Learn More about How a Label Error Can Ruin a Great Package Design
Food Labels are Confusing Plain and Simple! Everyone Knows it, But No One Knows Exactly How, to Fix It.
The Nutrition Facts label, introduced 20 years ago, was designed to help consumers make informed food choices and maintain healthy dietary practices. The reality, however, is a quagmire of confusing and misleading food labels and an alarming rate of obesity that has more than doubled in the United States and is now rampant in countries including Australia, UK and Canada.
Unless you work in the industry, it is very difficult to decipher food labels accurately. Further complicating this is a recent study on consumer behavior indicating the average consumer will spend less than 8 seconds scanning a food label and the nutritional facts.
With all of this confusion, debate and conflict over the last two decades, the FDA recently passed an initiative to revamp food labels.
The New Nutrition Facts Label for Packaged Foods
As of May, 2016, The New Nutrition Facts Label Includes the Following:
- An updated design to highlight “calories” and “servings,” two important elements in making informed food choices.
- Requirements that serving sizes more closely reflect the amount of food that people currently eat. What and how much people eat and drink has changed since the last serving size requirements were published in 1993. By law, the Nutrition Labeling and Education Act requires that serving sizes be based on what people actually eat.
- Declaration of grams and a percent daily value (%DV) for “added sugars” to help consumers know how much sugar has been added to a product. It is difficult to meet nutrient needs while staying within calorie limits if you consume more than 10 percent of your total daily calories from added sugars, which is supported by scientific evidence in the 2015-2020 Dietary Guidelines for Americans.
- “Dual column” labels to indicate both “per serving” and “per container” calorie and nutrition information for certain multi-serving food products that could be consumed in one sitting or multiple sittings. Examples include a pint of ice cream and a 3-ounce bag of chips. With dual-column labels available, people will be able to understand easily how many calories and the nutrients they are getting if they eat or drink the entire package/unit at one time.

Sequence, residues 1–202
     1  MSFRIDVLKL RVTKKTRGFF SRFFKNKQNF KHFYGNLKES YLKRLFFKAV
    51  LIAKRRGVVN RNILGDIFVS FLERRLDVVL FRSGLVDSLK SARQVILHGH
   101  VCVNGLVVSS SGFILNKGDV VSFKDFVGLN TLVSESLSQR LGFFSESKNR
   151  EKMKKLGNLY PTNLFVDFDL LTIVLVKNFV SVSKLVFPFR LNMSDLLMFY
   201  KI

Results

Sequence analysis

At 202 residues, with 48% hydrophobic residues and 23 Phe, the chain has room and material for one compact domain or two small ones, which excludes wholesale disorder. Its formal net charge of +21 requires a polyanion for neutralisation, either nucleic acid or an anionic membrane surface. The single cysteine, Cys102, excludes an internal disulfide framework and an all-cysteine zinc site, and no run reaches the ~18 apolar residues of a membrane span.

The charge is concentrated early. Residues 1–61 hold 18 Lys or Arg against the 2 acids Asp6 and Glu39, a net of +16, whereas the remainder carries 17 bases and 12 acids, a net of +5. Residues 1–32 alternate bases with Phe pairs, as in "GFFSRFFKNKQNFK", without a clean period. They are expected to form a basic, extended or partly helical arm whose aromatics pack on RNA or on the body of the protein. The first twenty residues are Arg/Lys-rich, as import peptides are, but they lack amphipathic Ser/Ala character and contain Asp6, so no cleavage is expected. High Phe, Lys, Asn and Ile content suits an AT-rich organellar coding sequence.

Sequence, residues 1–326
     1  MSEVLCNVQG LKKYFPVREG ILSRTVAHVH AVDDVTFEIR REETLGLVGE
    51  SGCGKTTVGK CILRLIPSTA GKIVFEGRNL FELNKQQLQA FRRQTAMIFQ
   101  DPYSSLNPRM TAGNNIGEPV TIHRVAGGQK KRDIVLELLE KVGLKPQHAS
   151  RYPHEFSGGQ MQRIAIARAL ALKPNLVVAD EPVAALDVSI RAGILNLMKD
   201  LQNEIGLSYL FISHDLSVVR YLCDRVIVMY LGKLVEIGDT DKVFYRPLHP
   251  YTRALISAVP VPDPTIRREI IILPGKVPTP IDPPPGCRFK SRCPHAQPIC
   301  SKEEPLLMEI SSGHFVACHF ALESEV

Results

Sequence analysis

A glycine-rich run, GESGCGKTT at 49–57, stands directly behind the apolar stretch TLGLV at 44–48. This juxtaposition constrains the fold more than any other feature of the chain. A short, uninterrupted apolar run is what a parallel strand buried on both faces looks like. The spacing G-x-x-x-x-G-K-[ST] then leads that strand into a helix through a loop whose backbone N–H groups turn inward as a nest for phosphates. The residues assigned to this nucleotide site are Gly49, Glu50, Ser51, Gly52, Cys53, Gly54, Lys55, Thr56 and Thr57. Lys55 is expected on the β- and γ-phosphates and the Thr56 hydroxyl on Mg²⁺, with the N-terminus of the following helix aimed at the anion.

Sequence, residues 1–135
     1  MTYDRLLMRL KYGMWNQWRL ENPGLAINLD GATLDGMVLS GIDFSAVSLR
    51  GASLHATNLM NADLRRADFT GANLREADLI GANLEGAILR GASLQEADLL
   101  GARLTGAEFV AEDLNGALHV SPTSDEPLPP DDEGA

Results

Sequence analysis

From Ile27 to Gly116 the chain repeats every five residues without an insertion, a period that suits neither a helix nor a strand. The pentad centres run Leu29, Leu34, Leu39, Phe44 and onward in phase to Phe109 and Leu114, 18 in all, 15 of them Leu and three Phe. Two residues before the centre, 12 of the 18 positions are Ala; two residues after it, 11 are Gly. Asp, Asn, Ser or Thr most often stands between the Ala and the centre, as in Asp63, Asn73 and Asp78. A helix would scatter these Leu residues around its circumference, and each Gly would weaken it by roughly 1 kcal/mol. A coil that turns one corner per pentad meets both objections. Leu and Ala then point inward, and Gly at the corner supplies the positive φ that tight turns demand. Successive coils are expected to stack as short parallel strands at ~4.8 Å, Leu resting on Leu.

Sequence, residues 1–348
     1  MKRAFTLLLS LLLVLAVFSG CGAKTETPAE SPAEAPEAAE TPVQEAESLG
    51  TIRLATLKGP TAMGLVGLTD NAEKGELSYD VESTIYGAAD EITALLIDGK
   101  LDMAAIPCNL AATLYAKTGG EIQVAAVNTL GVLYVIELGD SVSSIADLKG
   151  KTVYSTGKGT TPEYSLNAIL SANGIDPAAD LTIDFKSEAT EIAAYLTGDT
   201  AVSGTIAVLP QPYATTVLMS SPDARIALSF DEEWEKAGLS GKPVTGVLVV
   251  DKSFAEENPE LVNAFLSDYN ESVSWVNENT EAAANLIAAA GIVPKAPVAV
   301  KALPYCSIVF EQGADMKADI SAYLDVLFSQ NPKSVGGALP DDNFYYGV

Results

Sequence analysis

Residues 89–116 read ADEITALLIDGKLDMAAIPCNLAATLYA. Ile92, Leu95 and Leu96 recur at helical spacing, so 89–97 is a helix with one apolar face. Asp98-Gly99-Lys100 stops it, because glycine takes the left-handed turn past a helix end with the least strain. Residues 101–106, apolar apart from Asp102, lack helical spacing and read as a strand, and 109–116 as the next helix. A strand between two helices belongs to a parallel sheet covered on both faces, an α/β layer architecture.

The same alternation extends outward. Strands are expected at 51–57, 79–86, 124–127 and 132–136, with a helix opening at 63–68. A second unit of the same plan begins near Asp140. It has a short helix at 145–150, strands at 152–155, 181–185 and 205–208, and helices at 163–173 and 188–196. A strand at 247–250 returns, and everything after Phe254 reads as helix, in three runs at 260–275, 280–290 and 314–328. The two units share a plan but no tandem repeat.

- For packages that are between one and two servings, such as a 20-ounce soda, the calories and other nutrients will be required to be labeled as one serving because people typically consume it in one sitting.
- Updated daily values for nutrients such as sodium, dietary fiber and vitamin D, consistent with Institute of Medicine recommendations and the 2015-2020 Dietary Guidelines for Americans. Daily values are reference amounts of nutrients to consume or not to exceed and are used to calculate the %DV that manufacturers include on the label.
- Declaration of Vitamin D and potassium that will include the actual gram amount in addition to the %DV. These are nutrients that some people are not getting enough of which puts them at a higher risk for chronic disease. The %DV for calcium and iron will continue to be required along with the actual gram amount. Vitamins A and C will no longer be required because deficiencies of these vitamins is rare although these nutrients can be included on a voluntary basis.
- “Calories from Fat” will be removed because research shows that the type of fat is more important than the amount of fat. “Total Fat,” “Saturated Fat,” and “Trans Fat” will continue to be required.
- An abbreviated footnote to better explain the %DV.
For food manufacturers, compliance with this new regulation will be a challenging task as all SKU’s will be required to be changed by July 26, 2018.
The United States is one of over 30+ countries worldwide now passing new food label regulations. Food manufacturers exporting their products will also be required to update all of their SKU’s to respond to the new landscape of global food labeling.
For more information on the FDA Nutrition Facts Label, please visit: FDA